I'm sure it's reflective of my larger personality, but I have to admit I'm a quality control freak when it comes to taking pictures. I almost always use a tripod (more about that in an upcoming post), I always meter carefully and I think a lot about the camera settings. But for the fuzzy, ill-composed shot here, I didn't think about any of that: I just pressed the button when the moment happened and I didn't have any idea what the camera settings were.
The kitty in this picture just arrived in my house about 8 weeks ago and prior to that she had led a feral life for more than four years. She was born outside and survived by her wits, cunning, speed, elusiveness and hunting ability. She was "tamed" somewhat by my friend Lynne, but Lynne already had two cats so Mama Kitty ended up living with me (and my other cat, who is her daughter--are you following this?). Anyway, she's an extraordinarily sweet, but very shy cat and though she's a wonderful pet, she is still very cautious around me. If I move quickly, she dashes off to another room in a cloud of dust (leaving a trail of claw marks in my beautiful hardwood floors!).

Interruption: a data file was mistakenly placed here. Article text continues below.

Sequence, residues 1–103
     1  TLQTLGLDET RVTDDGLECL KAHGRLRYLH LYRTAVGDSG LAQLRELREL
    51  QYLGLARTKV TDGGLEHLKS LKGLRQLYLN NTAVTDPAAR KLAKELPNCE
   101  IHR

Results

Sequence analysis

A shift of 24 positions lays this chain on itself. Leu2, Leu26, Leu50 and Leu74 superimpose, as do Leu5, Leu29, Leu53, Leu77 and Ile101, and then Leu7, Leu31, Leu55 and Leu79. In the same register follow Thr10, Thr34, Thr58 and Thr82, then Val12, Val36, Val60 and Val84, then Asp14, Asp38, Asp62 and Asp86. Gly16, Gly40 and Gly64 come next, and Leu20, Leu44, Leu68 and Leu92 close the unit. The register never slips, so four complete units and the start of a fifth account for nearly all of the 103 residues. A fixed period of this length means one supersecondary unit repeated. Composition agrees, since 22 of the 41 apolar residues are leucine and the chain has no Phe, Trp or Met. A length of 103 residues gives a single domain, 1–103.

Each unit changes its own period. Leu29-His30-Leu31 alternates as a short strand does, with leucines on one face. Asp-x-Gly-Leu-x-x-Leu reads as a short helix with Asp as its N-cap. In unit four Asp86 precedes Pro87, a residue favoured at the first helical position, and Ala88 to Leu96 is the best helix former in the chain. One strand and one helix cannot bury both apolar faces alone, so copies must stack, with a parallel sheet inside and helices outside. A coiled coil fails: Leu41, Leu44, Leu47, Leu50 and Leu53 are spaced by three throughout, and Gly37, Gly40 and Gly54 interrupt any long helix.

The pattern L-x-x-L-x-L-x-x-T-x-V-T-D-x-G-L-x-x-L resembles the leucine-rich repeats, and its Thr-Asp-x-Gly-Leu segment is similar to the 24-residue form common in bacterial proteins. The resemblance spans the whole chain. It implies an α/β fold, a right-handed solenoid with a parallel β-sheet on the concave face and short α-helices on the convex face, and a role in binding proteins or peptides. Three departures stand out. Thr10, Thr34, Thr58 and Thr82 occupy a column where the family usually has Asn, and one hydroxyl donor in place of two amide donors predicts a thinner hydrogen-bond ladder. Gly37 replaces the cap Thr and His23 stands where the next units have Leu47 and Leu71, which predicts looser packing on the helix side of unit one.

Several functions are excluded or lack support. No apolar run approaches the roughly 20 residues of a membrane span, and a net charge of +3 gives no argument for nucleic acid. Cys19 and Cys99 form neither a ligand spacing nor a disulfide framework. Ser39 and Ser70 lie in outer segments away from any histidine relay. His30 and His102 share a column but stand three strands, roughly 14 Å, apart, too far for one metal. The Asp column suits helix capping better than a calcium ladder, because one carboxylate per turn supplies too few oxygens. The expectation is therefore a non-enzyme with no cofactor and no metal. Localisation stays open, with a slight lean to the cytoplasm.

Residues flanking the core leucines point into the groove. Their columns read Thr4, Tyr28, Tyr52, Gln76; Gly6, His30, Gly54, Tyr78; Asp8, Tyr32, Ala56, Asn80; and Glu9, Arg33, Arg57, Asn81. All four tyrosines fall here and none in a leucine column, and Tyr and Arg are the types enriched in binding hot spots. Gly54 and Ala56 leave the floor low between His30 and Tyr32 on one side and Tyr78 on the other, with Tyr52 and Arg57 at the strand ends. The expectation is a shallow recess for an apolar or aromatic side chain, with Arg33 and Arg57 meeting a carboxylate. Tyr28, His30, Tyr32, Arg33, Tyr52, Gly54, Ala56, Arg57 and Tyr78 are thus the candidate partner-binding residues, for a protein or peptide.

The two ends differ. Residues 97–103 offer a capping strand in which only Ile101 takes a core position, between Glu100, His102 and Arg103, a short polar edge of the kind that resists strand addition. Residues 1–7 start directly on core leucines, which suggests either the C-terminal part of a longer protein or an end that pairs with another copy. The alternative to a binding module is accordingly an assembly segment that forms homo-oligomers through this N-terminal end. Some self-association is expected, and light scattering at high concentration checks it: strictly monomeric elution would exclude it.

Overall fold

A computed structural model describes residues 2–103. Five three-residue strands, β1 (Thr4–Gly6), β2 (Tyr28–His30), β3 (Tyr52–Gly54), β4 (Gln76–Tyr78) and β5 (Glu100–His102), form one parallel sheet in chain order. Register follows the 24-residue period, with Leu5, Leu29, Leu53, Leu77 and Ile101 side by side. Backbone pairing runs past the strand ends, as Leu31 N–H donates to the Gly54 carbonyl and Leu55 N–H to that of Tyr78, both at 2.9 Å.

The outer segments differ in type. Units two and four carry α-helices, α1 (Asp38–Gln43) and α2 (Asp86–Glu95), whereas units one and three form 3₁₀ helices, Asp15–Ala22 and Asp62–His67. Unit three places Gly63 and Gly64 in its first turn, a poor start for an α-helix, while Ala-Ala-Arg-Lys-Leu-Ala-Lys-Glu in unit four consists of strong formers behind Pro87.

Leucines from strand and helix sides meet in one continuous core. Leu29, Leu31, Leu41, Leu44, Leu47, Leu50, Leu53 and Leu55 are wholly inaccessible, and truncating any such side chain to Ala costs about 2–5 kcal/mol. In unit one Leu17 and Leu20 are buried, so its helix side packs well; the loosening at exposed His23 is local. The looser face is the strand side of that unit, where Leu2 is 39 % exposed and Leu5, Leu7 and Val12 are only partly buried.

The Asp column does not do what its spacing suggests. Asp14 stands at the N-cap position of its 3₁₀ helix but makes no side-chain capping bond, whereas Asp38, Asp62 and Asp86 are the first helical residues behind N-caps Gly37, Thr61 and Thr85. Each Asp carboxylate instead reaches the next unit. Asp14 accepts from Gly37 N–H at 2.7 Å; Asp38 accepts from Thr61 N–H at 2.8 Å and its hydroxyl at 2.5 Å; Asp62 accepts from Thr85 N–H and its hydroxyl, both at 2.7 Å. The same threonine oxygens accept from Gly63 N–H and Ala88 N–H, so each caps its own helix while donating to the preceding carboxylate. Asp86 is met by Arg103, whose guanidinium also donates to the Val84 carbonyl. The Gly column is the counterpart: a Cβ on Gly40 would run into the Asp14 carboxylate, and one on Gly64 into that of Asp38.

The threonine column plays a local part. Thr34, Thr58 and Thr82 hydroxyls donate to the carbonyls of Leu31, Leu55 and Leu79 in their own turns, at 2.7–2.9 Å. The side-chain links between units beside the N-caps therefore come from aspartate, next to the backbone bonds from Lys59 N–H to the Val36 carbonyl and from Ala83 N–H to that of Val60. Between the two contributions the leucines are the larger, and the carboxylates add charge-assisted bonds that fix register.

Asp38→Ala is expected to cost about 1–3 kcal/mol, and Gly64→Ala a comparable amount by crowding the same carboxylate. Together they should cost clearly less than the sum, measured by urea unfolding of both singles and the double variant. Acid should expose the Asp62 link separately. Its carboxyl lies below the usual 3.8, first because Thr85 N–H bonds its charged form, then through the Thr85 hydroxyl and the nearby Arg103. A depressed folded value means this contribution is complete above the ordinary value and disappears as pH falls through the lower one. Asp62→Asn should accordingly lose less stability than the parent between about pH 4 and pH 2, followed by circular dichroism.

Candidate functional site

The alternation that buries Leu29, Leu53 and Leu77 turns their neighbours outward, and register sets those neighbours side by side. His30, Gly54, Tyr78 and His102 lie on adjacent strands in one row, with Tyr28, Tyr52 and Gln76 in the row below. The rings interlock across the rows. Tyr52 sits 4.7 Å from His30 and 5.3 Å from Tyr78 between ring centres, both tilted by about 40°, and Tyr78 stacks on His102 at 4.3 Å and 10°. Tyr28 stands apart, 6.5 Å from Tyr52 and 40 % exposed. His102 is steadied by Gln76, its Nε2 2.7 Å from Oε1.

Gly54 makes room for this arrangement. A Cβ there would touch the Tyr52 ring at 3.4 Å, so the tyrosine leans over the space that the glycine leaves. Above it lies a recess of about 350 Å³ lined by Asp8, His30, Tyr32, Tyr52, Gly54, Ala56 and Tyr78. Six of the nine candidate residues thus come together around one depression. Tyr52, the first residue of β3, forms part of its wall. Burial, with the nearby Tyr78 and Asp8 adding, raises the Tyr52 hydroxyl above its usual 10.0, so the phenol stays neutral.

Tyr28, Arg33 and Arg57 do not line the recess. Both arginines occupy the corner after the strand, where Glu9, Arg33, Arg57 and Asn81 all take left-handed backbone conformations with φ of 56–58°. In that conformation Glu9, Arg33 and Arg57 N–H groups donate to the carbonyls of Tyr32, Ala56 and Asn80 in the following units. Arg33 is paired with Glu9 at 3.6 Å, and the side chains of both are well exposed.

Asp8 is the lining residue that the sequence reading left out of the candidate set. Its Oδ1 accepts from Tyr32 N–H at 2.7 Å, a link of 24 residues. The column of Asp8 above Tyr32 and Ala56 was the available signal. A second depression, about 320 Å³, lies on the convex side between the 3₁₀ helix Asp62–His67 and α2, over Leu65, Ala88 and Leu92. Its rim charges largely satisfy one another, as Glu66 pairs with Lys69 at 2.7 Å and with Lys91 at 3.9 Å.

I took this photo a few days ago when I was just sitting on the porch and cleaning my camera. I had no intention of taking any pictures but then I looked down and saw that I was being spied on by this very curious cat. This kitty is so fast and so elusive that I knew if I paused to set the right shutter speed or turn on the flash, she'd be gone. So before she could move a whisker, I just pressed the button. The photo is badly composed, nowhere near sharp (it was shot handheld at 1/8 second--something I'd never knowingly do), the white balance is all wrong and the shot is full of clutter--but I love it. This is my first shot of my new model and she created the idea for it by watching me; she told me it was time to start photographing her. And so I did.
Sometimes a shot will happen so quickly (with kids, pets, animals) that you have to shoot first and think later. In these situations it's more important that you capture the moment and save the finesse for another time. The curious look on this sweet cat's face is far more important to me than a sharp photo.
Fisking Shatzkin's and Cader's Fisks of Amazon
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